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Mike D’Antoni says Carmelo Anthony forced coach’s exit from Knicks

Carmelo Anthony #7 and head coach Mike D'Antoni

Carmelo Anthony #7 and head coach Mike D'Antoni of the New York Knicks look on late against the Toronto Raptors during their game on Monday, January 2 2011 at Madison Square Garden in New York.(Photo by Jim McIsaac) Photo Credit: Jim McIsaac

Long before Phil Jackson tried to get Carmelo Anthony to leave the Knicks, Anthony helped push Mike D’Antoni out of New York.

The former Knicks coach said in a long feature in “ESPN The Magazine” that he “quit” after “Anthony said the team needed to choose between him and D’Antoni.” D’Antoni resigned as Knicks coach in March 2012.

“I just went in and quit,” D’Antoni said in the story that mentioned his struggles getting through to Anthony and Kobe Bryant and covered the rebirth he’s enjoyed with the Rockets.

At the time of his resignation, the Knicks were struggling and there was discord between D’Antoni and Anthony over the equal-opportunity pick-and-roll system. D’Antoni’s system worked extremely well with Steve Nash in Phoenix and now with James Harden in Houston. But it wasn’t nearly as successful with the Knicks or Lakers.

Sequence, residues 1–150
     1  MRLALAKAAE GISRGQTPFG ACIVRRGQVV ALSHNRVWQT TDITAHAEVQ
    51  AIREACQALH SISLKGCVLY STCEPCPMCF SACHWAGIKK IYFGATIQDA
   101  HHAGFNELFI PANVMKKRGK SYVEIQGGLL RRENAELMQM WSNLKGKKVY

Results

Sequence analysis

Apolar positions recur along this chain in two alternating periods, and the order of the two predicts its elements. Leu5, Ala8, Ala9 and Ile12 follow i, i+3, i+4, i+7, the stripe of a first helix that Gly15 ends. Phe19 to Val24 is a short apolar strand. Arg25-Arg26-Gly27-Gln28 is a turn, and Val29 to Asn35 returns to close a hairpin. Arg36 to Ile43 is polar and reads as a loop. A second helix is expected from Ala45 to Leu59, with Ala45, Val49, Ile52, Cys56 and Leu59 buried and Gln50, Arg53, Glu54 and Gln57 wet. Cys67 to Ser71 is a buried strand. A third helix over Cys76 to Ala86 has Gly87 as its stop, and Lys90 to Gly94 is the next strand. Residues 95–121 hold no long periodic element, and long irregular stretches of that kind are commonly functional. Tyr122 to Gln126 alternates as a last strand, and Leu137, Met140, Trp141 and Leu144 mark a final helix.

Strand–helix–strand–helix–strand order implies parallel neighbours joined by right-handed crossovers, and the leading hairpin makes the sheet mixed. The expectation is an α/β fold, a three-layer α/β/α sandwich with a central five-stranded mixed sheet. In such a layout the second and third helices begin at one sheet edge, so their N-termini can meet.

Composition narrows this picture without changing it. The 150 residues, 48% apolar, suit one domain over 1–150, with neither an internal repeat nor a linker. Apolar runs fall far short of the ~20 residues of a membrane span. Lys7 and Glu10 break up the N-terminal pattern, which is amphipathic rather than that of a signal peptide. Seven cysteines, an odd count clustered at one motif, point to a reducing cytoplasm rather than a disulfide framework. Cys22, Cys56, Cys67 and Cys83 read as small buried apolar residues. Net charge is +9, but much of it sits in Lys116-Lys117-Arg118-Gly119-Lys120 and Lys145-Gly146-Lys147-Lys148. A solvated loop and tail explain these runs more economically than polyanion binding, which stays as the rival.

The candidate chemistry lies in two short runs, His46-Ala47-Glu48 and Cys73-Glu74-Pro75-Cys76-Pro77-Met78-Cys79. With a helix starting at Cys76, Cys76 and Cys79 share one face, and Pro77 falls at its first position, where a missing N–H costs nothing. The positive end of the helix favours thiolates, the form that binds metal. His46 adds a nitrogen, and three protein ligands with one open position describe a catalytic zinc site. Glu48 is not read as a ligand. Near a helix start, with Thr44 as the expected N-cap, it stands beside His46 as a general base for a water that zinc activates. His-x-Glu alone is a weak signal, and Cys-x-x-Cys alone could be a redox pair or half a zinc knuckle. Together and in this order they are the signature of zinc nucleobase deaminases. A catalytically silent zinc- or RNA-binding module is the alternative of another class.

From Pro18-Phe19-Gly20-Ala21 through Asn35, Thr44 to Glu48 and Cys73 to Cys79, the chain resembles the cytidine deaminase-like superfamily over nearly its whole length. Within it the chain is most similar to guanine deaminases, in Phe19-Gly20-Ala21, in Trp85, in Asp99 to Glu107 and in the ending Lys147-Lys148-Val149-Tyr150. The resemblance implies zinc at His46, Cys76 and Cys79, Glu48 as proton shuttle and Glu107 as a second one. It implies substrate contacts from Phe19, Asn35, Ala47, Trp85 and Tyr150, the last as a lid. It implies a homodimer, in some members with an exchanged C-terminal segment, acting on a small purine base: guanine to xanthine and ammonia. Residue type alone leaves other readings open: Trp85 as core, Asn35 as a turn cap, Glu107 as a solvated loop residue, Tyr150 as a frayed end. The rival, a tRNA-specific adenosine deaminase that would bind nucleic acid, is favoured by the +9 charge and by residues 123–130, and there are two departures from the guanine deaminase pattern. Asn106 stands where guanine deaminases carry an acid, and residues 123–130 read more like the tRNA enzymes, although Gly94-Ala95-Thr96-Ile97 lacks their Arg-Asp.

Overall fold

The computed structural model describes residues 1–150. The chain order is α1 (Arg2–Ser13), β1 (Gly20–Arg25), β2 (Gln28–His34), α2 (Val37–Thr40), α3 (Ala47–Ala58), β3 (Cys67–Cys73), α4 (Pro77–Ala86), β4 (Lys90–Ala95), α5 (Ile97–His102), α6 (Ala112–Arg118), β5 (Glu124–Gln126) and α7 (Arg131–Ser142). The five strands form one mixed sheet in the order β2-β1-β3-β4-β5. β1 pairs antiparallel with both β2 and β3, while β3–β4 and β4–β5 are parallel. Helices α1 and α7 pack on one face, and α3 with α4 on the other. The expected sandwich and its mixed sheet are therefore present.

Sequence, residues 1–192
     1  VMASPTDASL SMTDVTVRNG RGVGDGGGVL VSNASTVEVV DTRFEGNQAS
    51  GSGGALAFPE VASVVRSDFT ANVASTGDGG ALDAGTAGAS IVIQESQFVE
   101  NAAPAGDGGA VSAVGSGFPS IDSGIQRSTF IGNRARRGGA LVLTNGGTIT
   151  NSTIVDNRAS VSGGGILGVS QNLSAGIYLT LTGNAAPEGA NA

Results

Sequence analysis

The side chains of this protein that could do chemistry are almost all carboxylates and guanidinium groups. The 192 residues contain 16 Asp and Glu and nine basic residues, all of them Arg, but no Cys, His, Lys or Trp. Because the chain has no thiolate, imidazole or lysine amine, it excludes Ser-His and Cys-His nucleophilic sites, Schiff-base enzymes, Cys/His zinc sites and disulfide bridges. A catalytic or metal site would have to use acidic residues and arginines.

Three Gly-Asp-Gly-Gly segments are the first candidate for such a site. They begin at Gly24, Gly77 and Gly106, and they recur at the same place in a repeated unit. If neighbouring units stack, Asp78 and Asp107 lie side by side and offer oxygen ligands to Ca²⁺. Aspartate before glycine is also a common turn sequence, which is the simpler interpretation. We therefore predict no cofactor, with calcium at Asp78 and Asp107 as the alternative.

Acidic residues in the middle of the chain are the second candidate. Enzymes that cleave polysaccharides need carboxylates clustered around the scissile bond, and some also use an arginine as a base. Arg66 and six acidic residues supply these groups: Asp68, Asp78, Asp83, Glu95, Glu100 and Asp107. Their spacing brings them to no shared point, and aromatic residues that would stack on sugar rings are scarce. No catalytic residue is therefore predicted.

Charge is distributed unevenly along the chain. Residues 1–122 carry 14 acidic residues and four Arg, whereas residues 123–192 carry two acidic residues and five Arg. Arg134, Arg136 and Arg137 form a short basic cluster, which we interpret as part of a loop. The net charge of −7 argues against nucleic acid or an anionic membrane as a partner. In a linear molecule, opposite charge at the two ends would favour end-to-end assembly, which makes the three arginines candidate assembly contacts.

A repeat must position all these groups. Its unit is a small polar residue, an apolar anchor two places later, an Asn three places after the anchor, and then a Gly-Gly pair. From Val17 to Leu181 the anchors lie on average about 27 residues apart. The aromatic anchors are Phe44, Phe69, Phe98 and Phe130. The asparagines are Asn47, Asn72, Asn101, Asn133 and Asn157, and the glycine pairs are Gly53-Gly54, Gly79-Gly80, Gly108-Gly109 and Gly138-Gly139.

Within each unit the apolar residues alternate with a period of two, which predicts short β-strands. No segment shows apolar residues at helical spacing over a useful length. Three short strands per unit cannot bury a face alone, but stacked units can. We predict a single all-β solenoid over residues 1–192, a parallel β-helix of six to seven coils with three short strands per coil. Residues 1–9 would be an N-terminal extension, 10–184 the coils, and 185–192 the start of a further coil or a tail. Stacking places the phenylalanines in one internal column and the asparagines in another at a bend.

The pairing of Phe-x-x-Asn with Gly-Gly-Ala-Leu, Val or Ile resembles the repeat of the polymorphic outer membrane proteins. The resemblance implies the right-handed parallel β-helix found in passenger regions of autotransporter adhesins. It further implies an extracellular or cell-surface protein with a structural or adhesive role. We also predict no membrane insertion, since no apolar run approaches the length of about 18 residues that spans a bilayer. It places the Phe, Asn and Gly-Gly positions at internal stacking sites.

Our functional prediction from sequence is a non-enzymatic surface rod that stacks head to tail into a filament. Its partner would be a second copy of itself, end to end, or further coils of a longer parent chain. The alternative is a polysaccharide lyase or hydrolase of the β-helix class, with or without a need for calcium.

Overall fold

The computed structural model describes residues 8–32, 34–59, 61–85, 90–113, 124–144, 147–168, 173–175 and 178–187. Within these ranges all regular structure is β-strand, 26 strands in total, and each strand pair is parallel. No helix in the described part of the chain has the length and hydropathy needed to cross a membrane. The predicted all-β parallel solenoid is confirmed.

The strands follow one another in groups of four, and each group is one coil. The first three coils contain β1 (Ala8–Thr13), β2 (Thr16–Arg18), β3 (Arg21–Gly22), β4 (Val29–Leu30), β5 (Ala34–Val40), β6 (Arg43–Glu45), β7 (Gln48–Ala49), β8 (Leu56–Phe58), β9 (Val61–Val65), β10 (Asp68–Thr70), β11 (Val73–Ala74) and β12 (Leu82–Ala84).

D’Antoni was 121-167 in his 3 1⁄2 seasons with the Knicks, including 18-24 when he resigned.

D’Antoni’s system helped make Jeremy Lin a household name during “Linsanity” in 2012. But D’Antoni and Amar’e Stoudemire were among those who said players didn’t like all the attention Lin was receiving. Many believed they were referring to Anthony.

After Mike Woodson replaced D’Antoni, he ran the offense through Anthony and the Knicks went 18-6 to end the season.

Five years later, Anthony could be on his way out of New York.

Jackson, the Knicks president, tried to deal Anthony before the February trade deadline. Last month, Jackson said Anthony “would be better off somewhere else” since the Knicks are rebuilding.

NBA Players Association executive director Michele Roberts believes Jackson tried “to shame Melo out of the city.”

Anthony has a no-trade clause so he can veto any deal. But after the Knicks missed the playoffs for the fourth straight season and Anthony’s relationship with Jackson not solid, he could agree to a trade to a contender.

New York Sports